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  • Writer's pictureIce in Motion

The first ice

That was one of the most beautiful things I’ve ever seen.

We were all sitting in the main lab for the daily 18:00 science meeting when the call came down from the bridge that there was ice ahead. The first ice of the trip. We managed to sit still through the meeting, despite the crunching and slushing reverberating from the hull behind us. But as soon as it was over, there was a dash to the bridge.

The bridge is four stories above the lab on a stairwell that turns every 6 steps. A climb to the bridge can be a dizzying experience. The stairwell is lit in a harsh fluorescence, until that last turn when it goes dark but for a single red light before the door. The lights stay dim and red on the bridge so the captain keeps his night vision and has good visibility in front of the ship.

Walking through the door and onto the bridge is like walking into the back of a bat cave after taking a few turns on a speedy merry-go-round. As I stepped through the door, somewhat dizzy and completely blind, I was incredibly aware both that there were several people coming up behind me and that there were a lot of very important buttons somewhere in front of me. I managed to take a few stutter-steps forward without setting off any alarms as my eyes adjusted to the dim light. And then I looked up.

The full moon shone between wispy clouds, brighter by far than any trace of a sun we have seen for several days, illuminating the expanse of ice ahead of us (along with a few high-powered beams off the ship’s bow, of course). My jaw quite literally dropped. In every direction stretched a delicate layer of new ice. In some places it was bright white and in others dark grey, almost imperceptible against pools of inky water. There were cracks and ridges, streaks and smudges. After watching for a few minutes, I could see gentle swells roll across the scene, effortlessly pushing bits of ice around and into each other, shaping them into discs scientifically and appropriately named pancake ice.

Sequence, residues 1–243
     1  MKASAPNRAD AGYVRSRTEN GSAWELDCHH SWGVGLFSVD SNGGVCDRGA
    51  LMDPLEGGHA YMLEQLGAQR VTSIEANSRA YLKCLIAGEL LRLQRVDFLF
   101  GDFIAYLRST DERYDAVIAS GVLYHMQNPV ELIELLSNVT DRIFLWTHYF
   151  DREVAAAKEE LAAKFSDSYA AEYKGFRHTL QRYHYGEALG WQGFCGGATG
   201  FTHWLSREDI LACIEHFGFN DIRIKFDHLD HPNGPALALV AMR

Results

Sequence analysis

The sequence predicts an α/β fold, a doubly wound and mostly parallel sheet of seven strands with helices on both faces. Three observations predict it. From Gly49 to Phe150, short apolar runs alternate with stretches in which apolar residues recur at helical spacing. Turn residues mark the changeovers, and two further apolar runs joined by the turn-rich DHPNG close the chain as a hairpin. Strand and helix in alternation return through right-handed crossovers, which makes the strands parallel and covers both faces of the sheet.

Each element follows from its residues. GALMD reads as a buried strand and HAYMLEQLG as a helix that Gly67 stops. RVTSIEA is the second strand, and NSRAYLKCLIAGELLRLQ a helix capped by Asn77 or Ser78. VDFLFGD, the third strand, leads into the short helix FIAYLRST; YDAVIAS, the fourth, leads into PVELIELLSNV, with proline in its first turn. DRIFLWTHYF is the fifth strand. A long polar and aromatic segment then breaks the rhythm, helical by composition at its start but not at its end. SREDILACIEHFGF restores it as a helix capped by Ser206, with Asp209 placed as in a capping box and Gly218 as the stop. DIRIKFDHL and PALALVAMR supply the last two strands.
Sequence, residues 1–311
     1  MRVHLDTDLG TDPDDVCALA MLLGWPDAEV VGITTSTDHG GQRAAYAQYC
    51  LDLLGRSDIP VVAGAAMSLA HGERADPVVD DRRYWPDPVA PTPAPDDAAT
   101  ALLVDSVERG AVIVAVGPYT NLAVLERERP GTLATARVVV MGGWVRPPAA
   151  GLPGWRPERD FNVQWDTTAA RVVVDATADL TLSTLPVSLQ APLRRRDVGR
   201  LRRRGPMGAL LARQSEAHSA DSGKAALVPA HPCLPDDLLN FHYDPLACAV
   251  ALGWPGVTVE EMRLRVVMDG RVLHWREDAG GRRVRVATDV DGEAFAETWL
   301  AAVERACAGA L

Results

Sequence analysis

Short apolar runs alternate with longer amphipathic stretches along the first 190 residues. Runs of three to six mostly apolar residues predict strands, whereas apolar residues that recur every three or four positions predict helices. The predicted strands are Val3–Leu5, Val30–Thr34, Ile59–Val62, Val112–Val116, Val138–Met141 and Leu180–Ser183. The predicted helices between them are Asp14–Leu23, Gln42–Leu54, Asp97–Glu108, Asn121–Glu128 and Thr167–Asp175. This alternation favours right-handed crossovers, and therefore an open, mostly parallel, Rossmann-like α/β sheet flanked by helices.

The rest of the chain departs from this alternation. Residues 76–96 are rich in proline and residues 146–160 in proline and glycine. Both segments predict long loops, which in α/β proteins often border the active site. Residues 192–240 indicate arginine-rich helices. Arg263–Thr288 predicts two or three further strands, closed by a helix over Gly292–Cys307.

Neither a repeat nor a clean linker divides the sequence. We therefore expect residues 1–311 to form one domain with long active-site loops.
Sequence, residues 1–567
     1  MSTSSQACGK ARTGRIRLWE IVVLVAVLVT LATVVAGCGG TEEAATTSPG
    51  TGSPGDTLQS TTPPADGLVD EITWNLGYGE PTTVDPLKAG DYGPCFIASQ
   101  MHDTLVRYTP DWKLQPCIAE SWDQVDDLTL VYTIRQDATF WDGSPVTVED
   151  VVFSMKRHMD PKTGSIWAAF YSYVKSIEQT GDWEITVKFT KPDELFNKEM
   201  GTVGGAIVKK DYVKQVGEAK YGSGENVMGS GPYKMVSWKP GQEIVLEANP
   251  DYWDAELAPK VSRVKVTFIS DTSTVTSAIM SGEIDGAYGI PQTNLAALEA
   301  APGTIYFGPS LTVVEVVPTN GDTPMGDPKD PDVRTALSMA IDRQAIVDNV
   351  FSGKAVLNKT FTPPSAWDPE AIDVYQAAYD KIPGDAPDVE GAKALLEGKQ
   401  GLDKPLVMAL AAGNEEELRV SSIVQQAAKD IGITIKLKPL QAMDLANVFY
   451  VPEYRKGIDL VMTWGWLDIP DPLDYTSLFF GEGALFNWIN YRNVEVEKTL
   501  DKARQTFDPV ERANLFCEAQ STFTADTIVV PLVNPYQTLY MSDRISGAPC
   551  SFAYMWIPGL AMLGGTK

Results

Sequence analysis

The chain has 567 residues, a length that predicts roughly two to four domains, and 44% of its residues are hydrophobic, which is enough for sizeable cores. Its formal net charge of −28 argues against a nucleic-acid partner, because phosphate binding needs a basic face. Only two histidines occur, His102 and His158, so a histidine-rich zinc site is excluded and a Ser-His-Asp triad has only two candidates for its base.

I stared out the window, completely mesmerized, and suddenly it all clicked. This is why we’re here. For so many months we have talked about the ice; but for me it has been this elusive thing in the arctic that is disappearing and that we want to understand better. And for the last five days we have been underway, motoring through the day (what of it there is) and night in open water, talking about little else but ice and waves. It was still something of an abstract concept.

But not anymore. There it is – right there. That’s what this is all about. That is the ice, right there in front of us, that should be thick and healthy. It should be supporting a huge amount of life, from tiny baby arctic cod to huge bowhead whales. And it should be much further south by now.

It was humbling and magical, and I am so glad I am here to witness it and share what I learn with you.

(Speaking of sharing… don’t forget to tune in on YouTube tomorrow (Wednesday) at 11am pst (2pm est) for a live tour of the ship with Jim.

words by Becca Guillote

photos by John Guillote

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Becca Chandler Guillote
Becca Chandler Guillote
Nov 17, 2019

@Kristin - yes, the ship has two 360-degree thrusters for primary propulsion at the stern along with a jet thruster on the bow. I have seen the ship pivot 360 degrees on the spot - it's amazing! There are photos and details on their website if you want to learn more:


Kristin Mills
Kristin Mills
Nov 17, 2019

Does this ship have some kind of thruster? It looks like there is a rotation when it slows to stop

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